I Know a Place… With C.J. Opperthauser

Published in People in Preservation.

Think you know a place? Welcome to our new occasional feature, in which one local curates their quintessential Providence experience. For our inaugural edition, we asked C.J. Opperthauser about what charming landscapes and architectural wonders make Providence, Providence. 

About our Featured Wanderer 

C.J. will soon be moving to Portland, Maine, to become Executive Director of Friends of Congress Square Park, a small placemaking nonprofit activating and caring for a small beautiful plaza downtown. While in Providence, where he worked as Director of Training & Placemaking at Grow Smart RI, he was involved in making cool things happen — including Tour de Tentacle, WalkPVD, Bike Month, and Jane’s Walk — and spent a lot of time getting around by foot and bus. He could most frequently and reliably be found at Small Point Cafe and New Harvest Coffee & Spirits huddled over a drink of various sorts which depended on the time (and type) of day.

Old ProJo Building

The original Providence Journal building at the corner of Westminster and Eddy Streets downtown absolutely tops my list of favorite buildings to stare at in the city. Though it’s a little flamboyant compared to my usual taste in architecture, I find myself getting lost in its detailing while sitting outside Small Point Cafe with a hot cup of coffee. My favorite detailing on this building I discovered while giving a Jane’s Walk downtown where my group and I searched for gargoyles and grotesques in the facades lining downtown’s wide sidewalks. Itty bitty goat heads, straight out of an H.P. Lovecraft story, face Eddy Street below eye level. I challenge you to go find them and fall in love like I did.

Photo Credit: C.J. Opperthauser, 2020

Read more about it in our Online Guide to Providence Architecture

Neighbor’s Lane

Between John and Williams Streets on the East Side stretches Neighbor’s Lane, an old carriage path lined with cobblestone and brick that transports you back in time. It’s an otherworldly walk that overloads the senses with uneven cobbles, a yard full of ridiculous animal statues, and architecture that transports you back in time as the best walks in College Hill tend to do. Anytime I can find an excuse to use this as a shortcut, I do it. It’s a delight.

Image Credit: I {heart} Rhody

The Living Edge

I’m absolutely biased toward the Living Edge because I helped to make it happen. This beautiful and subtle pocket park meadow was the result of CityWorks, a project by DownCity Design and of which I was a fellow. A group of volunteers and fellow fellows (how few opportunities one gets to say fellow fellows) dug up the unhealthy grass and soil that was in this spot and planted, with [landscape architect] Adam Anderson at the helm, this amazing native meadow with its young trees, gravel and log paths, and cut log benches. It has since become my go-to place to sit and think and watch the river do its thing under the backdrop of the downtown skyline.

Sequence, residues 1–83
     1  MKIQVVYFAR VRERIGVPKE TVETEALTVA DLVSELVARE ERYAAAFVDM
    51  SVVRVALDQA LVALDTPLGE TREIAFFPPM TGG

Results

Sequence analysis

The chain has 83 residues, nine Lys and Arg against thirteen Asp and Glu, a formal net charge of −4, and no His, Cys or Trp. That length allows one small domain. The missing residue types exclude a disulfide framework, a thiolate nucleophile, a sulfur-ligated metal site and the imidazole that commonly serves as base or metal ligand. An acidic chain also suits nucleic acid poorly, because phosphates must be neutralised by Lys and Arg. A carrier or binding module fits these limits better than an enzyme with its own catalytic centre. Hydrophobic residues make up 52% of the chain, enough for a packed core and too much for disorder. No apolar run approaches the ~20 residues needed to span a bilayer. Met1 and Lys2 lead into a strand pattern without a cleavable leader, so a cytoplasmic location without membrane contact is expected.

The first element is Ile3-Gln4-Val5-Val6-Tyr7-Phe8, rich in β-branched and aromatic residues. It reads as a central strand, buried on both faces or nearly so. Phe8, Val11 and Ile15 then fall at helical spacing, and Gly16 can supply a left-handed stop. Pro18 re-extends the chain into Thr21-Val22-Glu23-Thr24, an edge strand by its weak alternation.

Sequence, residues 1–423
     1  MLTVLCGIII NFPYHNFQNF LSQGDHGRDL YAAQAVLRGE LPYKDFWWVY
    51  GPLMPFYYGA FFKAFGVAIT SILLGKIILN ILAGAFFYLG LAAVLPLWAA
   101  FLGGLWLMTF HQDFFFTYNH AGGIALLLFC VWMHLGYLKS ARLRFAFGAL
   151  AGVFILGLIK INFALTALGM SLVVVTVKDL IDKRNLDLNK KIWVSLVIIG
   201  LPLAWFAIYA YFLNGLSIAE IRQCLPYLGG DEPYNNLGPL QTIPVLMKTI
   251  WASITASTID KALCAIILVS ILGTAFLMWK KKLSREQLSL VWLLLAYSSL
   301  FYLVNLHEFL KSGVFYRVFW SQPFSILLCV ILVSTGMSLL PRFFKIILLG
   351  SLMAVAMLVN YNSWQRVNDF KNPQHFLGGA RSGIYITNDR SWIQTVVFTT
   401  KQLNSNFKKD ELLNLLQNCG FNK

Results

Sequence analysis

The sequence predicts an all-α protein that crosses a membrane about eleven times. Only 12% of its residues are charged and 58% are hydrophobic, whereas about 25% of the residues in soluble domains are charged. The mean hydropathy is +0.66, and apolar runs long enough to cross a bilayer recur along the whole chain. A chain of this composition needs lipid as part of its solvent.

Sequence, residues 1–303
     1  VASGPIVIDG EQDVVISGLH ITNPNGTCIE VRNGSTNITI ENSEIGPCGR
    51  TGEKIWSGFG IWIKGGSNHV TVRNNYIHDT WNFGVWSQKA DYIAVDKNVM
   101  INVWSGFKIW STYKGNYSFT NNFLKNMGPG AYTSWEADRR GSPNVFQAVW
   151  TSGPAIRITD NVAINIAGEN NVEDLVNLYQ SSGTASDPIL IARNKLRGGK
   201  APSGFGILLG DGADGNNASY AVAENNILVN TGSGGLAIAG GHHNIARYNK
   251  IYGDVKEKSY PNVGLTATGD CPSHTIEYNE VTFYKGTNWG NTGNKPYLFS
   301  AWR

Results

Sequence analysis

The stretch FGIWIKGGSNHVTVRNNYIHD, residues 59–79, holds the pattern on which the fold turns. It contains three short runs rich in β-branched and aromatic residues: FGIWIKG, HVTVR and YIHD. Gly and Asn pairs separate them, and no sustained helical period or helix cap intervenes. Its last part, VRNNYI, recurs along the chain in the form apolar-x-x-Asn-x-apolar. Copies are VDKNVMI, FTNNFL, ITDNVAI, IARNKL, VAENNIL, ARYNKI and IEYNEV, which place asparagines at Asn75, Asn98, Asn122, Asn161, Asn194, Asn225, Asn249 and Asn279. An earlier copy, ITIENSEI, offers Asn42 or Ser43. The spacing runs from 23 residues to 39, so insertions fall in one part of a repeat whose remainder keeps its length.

Photo Credit: C.J. Opperthauser, 2020

Bajnotti Fountain in Burnside Park

Probably my favorite hobby in the world is people-watching, and there is no better spot than Burnside Park. In the summer, once they kick the fountain on, the gorgeous and often overlooked dedication to the artist’s lost love becomes a beacon of activity for all types of folks, and makes for an enchanting and entertaining foreground to its busy downtown backdrop. Trust me and sit on a bench for a while. 

Image Credit: Providence Public Library

All Saints’ Memorial Church

Finally, All Saints’ Memorial Church on Westminster Street is one of my favorite buildings in the city, primarily because of its absolutely gorgeous red doors. It’s not nearly as dramatically styled as the ProJo Building; its comparatively subdued gothic stylings are stately in its brownstone skin, accented by, again, these heartthrob doors that I can’t take my eyes off of when I walk or bus past it. [Ed. note: Enjoy the view while sitting outside White Electric Coffee.]

Image Credit: Providence Public Library

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